Back to School

Some people learn new ideas best by reading a book and taking careful notes. Others learn best by jumping in without a net and just doing. Some people understand triangulation abstractly, whereas others don’t really get it until their father takes them out to the backyard to measure a tree by taking heel-to-toe steps from its trunk. We know one computer scientist who, when he tackles a new programming language, always writes the same program, a language interpreter. Different undertakings or subjects can involve or encourage different ways of learning, too. For some tasks, no matter how old or smart you are (or think you are), there’s something to be said for going back to school. Teetering on the cusp that is forty and with books already under our belts, we decided to go back to school when we began our novel projects.

U of Iowa (Kevin Satoh)

Doug is fond of the ritual and camaraderie of the classroom, with learning parsed out into manageable components that create momentum. Anna, a poet, has profound respect for the pedagogy of creative writing and wanted to reap the benefits of that approach as she moved seriously into fiction writing. If you’re a burgeoning novel writer in the Midwest, as we were four or so years ago, a likely sojourn is one of the many weekend (and weeklong, if there’s time) workshops at the Iowa Summer Writing Festival. Among the instructors whose workshops we took over a couple of summers were Venise Berry, Susan Taylor Chehak, Kelly Dwyer, Jim Heynen, Bret Anthony Johnston, and Sandra Scofield. Each of these instructors focused on a particular topic—plot, developing scenes, middles—which helped us tailor our back-to-school experience to the stage of our individual novel projects. And the University of Iowa’s summer program has offerings in other genres too, so it’s not just for novelists.

One of the reasons we were able to take so many weekend workshops with different instructors was that we used a divide-and-conquer approach. We never took a workshop together. At the same time, we saw each of these weekends as a joint endeavor. Individual workshops meet for two hours in the morning and two hours in the afternoon over two days, for a total of eight hours of intense interaction. Every evening over dinner and a beer, we shared highlights, reference points (such as John Gardner’s The Art of Fiction), conversations, and prompts from our individual workshops. On some Saturday evenings, we were also producing writing for the next day. By doing this together, we were able to brainstorm and critique each other’s work. Later, we adapted this practice for writing nights together after we returned home. (That practice of our Iowa Saturday night also has come in unexpectedly handy as we’ve composed our blog posts together.)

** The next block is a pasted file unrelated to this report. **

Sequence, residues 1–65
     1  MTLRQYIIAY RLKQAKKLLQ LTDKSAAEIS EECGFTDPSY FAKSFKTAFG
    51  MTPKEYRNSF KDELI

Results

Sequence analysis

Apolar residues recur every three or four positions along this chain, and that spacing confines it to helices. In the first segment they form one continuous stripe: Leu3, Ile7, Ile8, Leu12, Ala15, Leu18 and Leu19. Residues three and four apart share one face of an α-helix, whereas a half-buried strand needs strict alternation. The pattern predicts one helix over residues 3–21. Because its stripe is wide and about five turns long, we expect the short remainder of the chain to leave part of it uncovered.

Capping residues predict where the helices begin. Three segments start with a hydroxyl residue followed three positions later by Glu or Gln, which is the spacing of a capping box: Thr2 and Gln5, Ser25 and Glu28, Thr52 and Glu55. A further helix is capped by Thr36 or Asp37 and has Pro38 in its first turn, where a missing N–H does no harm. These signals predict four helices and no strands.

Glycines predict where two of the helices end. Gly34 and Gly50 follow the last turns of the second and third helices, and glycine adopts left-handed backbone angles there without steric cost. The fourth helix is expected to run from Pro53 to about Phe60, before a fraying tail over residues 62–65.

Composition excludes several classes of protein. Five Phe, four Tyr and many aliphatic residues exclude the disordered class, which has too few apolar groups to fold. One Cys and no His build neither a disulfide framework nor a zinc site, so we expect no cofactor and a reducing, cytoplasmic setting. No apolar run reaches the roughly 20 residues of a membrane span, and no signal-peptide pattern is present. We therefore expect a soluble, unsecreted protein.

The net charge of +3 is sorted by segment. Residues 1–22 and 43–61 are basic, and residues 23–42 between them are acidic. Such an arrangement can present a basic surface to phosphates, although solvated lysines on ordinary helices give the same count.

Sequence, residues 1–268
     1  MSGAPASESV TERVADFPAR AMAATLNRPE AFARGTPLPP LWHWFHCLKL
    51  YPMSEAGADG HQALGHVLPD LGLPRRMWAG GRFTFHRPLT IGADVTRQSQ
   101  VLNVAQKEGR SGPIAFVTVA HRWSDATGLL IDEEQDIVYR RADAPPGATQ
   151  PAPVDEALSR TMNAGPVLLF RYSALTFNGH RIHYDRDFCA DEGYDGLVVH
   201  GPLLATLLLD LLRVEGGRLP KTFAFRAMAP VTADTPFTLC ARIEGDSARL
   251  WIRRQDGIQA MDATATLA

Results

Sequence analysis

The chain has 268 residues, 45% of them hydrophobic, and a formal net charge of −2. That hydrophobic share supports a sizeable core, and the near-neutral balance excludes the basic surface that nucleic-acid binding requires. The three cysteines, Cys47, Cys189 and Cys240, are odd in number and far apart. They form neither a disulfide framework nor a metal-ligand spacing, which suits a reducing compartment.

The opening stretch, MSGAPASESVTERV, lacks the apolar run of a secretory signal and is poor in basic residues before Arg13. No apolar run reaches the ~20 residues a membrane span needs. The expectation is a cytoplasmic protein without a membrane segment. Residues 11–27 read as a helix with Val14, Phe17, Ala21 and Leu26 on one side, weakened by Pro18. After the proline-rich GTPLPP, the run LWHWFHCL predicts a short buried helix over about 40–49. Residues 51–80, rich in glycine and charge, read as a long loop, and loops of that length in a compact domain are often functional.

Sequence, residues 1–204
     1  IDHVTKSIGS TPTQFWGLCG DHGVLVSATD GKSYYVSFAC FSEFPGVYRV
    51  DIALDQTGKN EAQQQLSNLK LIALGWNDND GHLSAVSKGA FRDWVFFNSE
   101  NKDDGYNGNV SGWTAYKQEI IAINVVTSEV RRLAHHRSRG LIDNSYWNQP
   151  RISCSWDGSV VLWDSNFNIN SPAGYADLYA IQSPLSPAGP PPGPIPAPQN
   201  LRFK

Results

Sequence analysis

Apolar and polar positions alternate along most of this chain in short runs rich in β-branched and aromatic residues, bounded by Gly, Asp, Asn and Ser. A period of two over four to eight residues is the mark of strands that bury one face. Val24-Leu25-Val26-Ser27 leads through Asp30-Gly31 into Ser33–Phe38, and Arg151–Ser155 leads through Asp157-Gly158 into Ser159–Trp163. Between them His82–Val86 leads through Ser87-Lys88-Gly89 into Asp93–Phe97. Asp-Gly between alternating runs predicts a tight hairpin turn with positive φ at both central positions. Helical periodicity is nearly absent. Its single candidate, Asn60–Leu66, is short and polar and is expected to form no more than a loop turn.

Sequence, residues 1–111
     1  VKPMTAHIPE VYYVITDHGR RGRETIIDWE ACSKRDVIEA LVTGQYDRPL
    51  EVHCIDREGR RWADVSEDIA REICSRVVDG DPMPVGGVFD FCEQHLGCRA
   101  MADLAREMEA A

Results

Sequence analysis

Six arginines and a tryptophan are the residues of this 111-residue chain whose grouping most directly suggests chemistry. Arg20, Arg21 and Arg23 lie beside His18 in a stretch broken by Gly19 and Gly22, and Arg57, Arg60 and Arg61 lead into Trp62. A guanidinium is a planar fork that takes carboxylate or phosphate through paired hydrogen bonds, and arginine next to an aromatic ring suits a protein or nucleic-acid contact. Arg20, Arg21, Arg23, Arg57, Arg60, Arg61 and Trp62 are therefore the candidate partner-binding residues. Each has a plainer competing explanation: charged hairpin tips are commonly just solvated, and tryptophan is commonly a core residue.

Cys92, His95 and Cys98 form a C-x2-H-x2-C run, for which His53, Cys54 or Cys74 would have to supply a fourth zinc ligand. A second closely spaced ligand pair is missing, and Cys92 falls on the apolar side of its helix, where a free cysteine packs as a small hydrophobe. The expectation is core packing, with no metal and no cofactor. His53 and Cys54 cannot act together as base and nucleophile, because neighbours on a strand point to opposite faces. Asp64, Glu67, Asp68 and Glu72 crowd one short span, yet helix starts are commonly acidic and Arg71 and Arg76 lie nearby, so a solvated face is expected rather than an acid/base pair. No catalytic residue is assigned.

Iowa City—with its beautiful university campus on the river—is a place that inspires writing. You can feel the buzz. In fact UNESCO named it as a City of Literature, one of just 16 cities worldwide in its Creative Cities Network. Prairie Lights is one of the best bookstores in the country, and the town has variety of restaurants and pubs. Meals at the festival are on your own, but workshop instructors tend to arrange a lunch together and participants often gather informally for food and conversation. Of course, summer is hot in Iowa City, with a daytime average temperature of 88 degrees in July, and very humid. But for us, that made the sultry evenings all the more delectable, a kind of respite from the intensity of heat and study and a release into our own writing.

A workshop—or three—at the beginning of the novel-writing process worked for us because we were daunted by the scope of our projects, not sure exactly how to begin in a way that would lead to what has become The Undone Years (Anna’s manuscript) and The Chief and the Gadget (Doug’s manuscript). In This Year You Write Your Novel, Walter Mosley writes, “There’s not a moment to lose. There’s no reason to wait for inspiration. Getting your words down on paper takes time.” Committing to a focused writing workshop is a decision not to wait.

On the three-plus-hour drive home to suburban Chicago on those Sundays, we talked through what we had learned and made plans. We used those weekends as benchmarks from which we could map out the next stage—the next six months or so—of our novel projects. We rethought what we’d done, set goals for the foreseeable future, and found our conversations extended the energy of the workshops. The best commitments generate momentum, too.

We’ll have more at Lofty Ambitions about other workshop and residency experiences. In the meantime, check out the Poets & Writers Conferences & Residencies Database and the Writers’ Conferences & Centers for some opportunities.

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